Tomi is an ethnic studies scholar and sociologist who is curious about her cultural and built environment. In her interdisciplinary honors thesis project, she is studying the politics of youth identity formation, the ethnic suburb, and spatial racial formation. Her broader intellectual passions include: cooperative business administration, sustainable economic development, system-impacted trans youth of color leadership development, and the nationalist and anti- imperialist politics of the Global South. In her free time, she likes reading critical theory, laying in bed with her elderly cat, scrolling through Twitter, and going on walks without a set destination.
Tomi's Research: “Ethnoburb” is a term coined by geographer Wei Li to describe an settlement phenomenon propagating across the United States and abroad, where ethnic placemakers are moving into suburbs and making a cultural impact onto the built landscape, creating a new sociospatial form distinct from the traditional white suburb and the inner city ethnic enclave or ghetto. In contrast to other spatial forms where placemaking is dominated by white residents and white political frameworks, ethnoburbs are home to ethnic residents who have the ability to exercise political agency to shape their suburban landscapes, transforming them into multicultural, often transnational hubs. As with all contestations over space, different racialized, political forms of inclusion and exclusion occur in these environments. This project will investigate several ethnoburban sites across the United States to identify how Asian youth make meaning and negotiate their identities as they navigate or leave the ethnoburb, how they view and reconcile with placemaking politics embedded into the ethnoburb, and how sites of political struggle within the ethnoburb could facilitate identity formation.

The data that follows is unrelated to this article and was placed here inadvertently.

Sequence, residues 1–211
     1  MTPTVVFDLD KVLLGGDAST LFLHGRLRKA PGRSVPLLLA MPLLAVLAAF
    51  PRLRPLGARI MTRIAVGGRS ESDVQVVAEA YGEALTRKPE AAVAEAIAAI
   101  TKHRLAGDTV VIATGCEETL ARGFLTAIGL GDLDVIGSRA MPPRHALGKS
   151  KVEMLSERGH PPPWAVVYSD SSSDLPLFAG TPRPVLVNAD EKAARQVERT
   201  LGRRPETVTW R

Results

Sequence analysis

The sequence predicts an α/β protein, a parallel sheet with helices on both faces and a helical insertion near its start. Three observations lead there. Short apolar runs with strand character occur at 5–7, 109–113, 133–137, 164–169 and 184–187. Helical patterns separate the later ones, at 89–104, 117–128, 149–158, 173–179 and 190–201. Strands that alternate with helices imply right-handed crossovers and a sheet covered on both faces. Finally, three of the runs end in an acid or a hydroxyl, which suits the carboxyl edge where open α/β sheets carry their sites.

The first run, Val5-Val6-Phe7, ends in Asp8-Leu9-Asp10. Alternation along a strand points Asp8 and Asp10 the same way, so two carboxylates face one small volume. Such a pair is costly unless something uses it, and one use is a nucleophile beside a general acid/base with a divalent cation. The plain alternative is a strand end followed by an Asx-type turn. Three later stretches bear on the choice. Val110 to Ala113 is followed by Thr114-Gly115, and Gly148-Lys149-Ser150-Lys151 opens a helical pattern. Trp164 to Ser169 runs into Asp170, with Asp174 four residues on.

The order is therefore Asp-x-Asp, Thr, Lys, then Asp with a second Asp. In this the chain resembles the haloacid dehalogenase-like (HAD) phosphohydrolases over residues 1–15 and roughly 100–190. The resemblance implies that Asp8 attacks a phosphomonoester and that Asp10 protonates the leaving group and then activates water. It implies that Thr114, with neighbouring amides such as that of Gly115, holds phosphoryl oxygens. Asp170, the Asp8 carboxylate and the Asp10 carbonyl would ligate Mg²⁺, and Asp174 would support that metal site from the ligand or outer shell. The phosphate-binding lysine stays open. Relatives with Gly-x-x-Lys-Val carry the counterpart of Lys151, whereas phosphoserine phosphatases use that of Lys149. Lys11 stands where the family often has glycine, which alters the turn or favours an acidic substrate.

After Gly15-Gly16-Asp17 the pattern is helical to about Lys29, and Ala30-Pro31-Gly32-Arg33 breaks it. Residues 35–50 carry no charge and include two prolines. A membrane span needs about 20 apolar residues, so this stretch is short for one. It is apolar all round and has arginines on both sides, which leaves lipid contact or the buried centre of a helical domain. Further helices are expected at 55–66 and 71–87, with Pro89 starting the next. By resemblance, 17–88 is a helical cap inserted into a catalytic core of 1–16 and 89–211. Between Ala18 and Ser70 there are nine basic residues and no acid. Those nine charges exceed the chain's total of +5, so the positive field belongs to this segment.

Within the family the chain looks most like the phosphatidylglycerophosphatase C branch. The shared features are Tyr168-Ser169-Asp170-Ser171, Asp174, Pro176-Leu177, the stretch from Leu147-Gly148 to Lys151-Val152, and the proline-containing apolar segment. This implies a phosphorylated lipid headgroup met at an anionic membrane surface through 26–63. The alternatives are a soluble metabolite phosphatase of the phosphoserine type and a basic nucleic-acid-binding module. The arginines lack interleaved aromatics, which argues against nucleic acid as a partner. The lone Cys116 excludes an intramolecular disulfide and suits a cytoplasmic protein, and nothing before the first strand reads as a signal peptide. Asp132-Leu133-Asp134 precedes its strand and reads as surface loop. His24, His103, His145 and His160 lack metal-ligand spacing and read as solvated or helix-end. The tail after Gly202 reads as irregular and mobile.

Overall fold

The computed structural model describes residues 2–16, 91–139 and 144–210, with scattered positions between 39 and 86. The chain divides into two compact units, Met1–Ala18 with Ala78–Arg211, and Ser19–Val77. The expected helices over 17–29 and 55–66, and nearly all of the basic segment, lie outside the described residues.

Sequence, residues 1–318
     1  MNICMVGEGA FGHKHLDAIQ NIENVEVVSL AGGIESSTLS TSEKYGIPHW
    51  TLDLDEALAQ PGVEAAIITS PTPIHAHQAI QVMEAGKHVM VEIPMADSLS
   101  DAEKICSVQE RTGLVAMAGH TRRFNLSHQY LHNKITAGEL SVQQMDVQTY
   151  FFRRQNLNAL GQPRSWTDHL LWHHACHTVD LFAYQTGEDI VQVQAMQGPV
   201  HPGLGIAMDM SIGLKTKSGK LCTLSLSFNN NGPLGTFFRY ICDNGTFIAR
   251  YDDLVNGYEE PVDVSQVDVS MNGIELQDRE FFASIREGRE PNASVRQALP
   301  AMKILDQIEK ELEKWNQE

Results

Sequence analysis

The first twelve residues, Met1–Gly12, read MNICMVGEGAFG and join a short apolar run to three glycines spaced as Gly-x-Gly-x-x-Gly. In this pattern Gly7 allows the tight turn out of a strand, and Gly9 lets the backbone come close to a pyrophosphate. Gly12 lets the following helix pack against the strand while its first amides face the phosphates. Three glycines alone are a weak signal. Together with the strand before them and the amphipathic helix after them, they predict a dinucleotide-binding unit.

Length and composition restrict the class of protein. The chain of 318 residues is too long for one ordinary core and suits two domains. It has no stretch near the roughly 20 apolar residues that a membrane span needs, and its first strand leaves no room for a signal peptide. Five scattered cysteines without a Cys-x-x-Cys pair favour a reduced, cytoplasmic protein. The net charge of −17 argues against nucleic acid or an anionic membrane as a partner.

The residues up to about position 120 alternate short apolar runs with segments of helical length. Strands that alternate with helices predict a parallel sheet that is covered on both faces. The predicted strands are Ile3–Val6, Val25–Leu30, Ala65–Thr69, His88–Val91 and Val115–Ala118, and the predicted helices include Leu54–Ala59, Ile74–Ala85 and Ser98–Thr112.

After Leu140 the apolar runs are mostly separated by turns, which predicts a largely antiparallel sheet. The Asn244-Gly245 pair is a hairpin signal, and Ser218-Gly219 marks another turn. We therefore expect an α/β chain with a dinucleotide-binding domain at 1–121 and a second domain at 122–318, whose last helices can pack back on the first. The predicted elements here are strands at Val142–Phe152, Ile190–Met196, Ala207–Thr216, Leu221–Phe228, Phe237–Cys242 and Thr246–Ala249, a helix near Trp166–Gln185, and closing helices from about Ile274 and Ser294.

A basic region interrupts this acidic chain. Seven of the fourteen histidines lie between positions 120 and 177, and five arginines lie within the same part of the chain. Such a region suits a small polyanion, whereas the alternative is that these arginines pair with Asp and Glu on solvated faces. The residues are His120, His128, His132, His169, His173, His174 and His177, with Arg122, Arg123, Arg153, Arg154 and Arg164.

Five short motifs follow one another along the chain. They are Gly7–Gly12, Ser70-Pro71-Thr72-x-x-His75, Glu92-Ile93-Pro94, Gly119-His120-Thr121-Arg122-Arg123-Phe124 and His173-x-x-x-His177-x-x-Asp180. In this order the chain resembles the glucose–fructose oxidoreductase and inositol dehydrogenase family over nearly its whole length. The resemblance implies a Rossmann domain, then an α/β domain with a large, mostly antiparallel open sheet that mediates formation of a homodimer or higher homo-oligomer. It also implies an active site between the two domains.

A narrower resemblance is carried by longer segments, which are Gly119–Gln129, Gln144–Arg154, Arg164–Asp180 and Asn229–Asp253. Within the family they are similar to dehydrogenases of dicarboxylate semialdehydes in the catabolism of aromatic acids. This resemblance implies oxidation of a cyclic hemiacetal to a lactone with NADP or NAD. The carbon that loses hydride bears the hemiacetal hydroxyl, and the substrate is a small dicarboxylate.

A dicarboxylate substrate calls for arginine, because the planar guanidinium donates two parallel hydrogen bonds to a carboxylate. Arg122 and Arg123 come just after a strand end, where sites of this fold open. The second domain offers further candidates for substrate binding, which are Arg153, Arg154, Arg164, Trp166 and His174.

Major(s): Ethnic Studies, Sociology